April 15, 2014
2 min read

SLIT agents take spotlight in allergy, immunology research news

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Healio.com recently reported on the clinical implications of sublingual immunotherapy based on two recent FDA approvals for SLIT agents indicated for grass pollen allergies; recent clinical trials published in the journals, and data presented at the American Academy of Allergy, Asthma & Immunology annual meeting in San Diego.

FDA approves Oralair, first SLIT agent for grass allergies

Oralair (sweet vernal, perennial rye, Orchard, Timothy and Kentucky blue grass mixed pollens allergen extract, Greer/Stallergenes) is indicated as immunotherapy for the treatment of grass pollen-induced allergic rhinitis with or without conjunctivitis confirmed by positive skin test or in vitro testing for grass pollen-specific IgE antibodies for any of the five grass species contained in the product. Plus, read the perspective by James L. Sublett, MD, FACAAI, FAAAAI, FAAP, President-elect of the American College of Allergy, Asthma and Immunology. Read more.

FDA approves Grastek for grass allergies

Grastek (Timothy Grass Pollen Allergen Extract, Merck) sublingual immunotherapy tablets are indicated for the treatment of grass pollen-induced allergic rhinitis with or without conjunctivitis in patients aged 5 to 65 years. In clinical trials, patients treated with the agent exhibited significant reductions in nasal and ocular symptoms, as well as a reduction of symptom-relieving allergy medication use. Read more.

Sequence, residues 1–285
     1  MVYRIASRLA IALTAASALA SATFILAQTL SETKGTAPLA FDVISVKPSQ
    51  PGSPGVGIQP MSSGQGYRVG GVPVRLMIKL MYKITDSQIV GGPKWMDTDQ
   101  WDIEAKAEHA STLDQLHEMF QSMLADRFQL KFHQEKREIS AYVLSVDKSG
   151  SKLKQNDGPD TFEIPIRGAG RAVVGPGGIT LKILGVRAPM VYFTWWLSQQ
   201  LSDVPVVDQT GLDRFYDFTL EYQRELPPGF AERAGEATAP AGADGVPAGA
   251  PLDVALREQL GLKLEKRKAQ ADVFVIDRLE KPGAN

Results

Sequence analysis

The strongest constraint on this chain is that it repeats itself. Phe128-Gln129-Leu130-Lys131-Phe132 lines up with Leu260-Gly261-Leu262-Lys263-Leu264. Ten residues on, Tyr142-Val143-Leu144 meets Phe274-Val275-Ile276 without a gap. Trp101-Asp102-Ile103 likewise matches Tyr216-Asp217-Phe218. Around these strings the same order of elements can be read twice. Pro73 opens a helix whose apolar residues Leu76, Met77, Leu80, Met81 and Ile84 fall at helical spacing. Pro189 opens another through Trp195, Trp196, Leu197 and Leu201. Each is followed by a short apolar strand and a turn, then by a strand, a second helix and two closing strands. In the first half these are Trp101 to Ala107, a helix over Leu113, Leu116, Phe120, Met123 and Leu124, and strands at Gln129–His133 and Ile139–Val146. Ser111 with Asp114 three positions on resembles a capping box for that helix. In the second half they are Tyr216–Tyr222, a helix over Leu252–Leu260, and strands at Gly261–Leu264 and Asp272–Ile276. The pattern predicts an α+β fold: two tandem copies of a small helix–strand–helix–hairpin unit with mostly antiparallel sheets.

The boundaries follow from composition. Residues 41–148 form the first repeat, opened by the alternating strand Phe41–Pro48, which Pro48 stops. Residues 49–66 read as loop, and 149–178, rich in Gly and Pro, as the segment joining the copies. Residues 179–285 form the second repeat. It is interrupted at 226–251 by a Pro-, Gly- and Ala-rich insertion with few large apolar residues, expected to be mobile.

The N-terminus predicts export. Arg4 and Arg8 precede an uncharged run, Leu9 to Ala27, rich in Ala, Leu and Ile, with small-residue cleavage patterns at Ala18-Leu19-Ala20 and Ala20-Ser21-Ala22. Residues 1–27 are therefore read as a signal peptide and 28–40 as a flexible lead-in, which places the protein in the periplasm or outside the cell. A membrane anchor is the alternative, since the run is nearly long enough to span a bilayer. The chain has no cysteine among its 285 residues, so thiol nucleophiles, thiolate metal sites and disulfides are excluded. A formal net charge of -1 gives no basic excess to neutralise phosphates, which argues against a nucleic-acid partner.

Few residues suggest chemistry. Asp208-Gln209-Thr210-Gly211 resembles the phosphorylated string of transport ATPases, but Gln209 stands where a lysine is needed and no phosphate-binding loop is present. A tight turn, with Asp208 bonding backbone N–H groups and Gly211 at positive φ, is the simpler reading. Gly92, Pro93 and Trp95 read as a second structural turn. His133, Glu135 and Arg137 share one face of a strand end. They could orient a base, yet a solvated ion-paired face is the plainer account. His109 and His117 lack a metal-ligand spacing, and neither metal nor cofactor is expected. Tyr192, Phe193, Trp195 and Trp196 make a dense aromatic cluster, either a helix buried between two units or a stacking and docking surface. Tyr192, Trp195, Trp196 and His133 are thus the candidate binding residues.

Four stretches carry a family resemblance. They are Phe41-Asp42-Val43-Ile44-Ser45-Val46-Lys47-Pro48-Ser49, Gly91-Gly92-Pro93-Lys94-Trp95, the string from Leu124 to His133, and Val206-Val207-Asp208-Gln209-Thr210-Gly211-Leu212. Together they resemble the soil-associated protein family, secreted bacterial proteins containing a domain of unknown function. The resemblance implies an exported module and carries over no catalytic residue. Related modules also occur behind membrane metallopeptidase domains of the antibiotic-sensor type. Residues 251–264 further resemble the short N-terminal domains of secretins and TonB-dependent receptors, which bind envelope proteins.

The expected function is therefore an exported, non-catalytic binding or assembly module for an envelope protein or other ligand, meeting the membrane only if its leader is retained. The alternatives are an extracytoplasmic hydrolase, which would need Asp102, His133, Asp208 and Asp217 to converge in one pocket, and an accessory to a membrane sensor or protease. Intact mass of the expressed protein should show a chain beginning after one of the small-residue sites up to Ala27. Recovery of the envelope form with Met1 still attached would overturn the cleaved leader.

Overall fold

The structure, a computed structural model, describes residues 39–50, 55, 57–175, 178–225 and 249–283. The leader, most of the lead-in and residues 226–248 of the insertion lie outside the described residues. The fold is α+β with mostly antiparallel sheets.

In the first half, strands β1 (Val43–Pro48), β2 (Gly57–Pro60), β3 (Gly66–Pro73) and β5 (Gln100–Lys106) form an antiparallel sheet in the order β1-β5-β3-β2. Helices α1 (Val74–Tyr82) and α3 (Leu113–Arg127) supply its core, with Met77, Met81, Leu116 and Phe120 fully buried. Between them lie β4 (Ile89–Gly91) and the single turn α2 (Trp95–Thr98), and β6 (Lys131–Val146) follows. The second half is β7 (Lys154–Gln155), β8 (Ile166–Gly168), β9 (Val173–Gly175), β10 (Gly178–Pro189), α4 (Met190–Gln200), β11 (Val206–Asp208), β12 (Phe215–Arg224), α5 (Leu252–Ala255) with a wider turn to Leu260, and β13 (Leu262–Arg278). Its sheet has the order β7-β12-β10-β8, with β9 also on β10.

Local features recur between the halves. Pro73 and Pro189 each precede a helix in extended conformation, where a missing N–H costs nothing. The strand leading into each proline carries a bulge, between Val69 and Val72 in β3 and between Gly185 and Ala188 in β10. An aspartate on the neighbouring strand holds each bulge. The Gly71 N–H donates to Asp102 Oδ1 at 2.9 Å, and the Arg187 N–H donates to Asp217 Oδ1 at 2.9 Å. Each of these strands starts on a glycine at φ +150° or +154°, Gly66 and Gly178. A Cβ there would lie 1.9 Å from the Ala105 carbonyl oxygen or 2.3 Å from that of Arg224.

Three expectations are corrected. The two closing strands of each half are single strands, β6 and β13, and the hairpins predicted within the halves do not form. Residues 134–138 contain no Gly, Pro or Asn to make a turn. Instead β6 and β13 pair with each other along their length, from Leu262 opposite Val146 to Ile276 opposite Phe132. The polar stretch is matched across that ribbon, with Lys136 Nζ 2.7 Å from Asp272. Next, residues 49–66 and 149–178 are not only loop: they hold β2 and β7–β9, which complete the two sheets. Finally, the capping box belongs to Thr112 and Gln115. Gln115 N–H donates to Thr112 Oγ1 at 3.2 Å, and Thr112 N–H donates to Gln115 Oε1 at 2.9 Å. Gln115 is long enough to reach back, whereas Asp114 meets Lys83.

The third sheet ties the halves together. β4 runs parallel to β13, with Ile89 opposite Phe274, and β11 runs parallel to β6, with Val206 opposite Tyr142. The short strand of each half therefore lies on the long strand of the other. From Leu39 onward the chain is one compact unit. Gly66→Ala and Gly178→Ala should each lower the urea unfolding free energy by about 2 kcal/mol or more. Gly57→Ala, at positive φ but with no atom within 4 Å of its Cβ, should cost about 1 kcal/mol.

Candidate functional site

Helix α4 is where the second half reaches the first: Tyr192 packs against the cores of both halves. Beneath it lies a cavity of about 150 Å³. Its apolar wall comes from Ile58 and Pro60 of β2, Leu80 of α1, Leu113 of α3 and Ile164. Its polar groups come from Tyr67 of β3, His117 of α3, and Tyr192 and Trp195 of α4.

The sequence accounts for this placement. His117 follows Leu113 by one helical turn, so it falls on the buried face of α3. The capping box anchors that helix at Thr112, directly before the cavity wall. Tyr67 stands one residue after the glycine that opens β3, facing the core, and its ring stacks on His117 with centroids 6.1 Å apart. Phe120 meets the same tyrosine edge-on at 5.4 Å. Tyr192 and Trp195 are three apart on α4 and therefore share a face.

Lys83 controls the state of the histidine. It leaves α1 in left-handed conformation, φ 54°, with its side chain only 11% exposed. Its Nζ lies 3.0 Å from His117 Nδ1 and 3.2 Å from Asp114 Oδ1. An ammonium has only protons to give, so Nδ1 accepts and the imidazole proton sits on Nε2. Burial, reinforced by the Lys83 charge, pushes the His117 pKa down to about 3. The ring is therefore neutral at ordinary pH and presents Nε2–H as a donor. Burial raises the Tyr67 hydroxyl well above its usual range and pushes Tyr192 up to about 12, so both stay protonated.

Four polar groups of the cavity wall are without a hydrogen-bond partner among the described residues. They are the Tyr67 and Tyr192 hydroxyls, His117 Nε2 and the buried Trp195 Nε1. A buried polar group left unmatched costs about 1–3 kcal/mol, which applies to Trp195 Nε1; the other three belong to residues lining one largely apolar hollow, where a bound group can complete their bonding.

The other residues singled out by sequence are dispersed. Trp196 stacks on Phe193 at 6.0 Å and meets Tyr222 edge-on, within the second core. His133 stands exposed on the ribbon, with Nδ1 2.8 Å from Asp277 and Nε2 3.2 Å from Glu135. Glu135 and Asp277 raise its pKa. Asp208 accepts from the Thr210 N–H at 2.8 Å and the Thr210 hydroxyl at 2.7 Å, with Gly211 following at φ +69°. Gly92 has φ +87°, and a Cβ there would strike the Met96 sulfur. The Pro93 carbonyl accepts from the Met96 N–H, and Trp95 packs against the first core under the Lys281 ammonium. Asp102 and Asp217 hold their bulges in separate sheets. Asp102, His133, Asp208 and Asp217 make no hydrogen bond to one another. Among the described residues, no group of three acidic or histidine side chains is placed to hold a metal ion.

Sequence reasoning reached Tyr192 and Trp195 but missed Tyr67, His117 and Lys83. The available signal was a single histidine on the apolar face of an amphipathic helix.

Grass SLIT dependent on pollen exposure

Researchers examined the link between grass pollen counts and total combined rhinoconjunctivitis symptoms and medication scores based on a post hoc analysis of data collected from six trials and seven grass pollen seasons in North America and Europe. Read more.

House dust mite SLIT-tablet advances to phase 3 clinical development

The house dust mite sublingual immunotherapy-tablet, MK-8237 (Merck/ALK-Abello), will be used in a trial of approximately 1,500 patients to investigate its safety and efficacy. Read more.

Sublingual birch pollen immunotherapy yielded sustained improvements to allergic rhinoconjunctivitis

The administration of a sublingual solution of birch-pollen 4 months before and during the pollen period led to a significant and sustained reduction in symptoms associated with allergic rhinoconjunctivitis in a recent study. Plus, read the perspective by Linda Cox, MD, FAAAAI, Immediate-Past President of the American Academy of Allergy, Asthma and Immunology. Read more.

Experts address mechanisms, clinical implications of SLIT agents

During a symposium at the American Academy of Allergy, Asthma & Immunology annual meeting, three researchers reported on the therapeutic mechanisms of sublingual immunotherapy, the status of current trials under FDA review, and how clinicians can implement their use in practice. Read more.

Disclosure: See each study for a full list of relevant financial disclosures.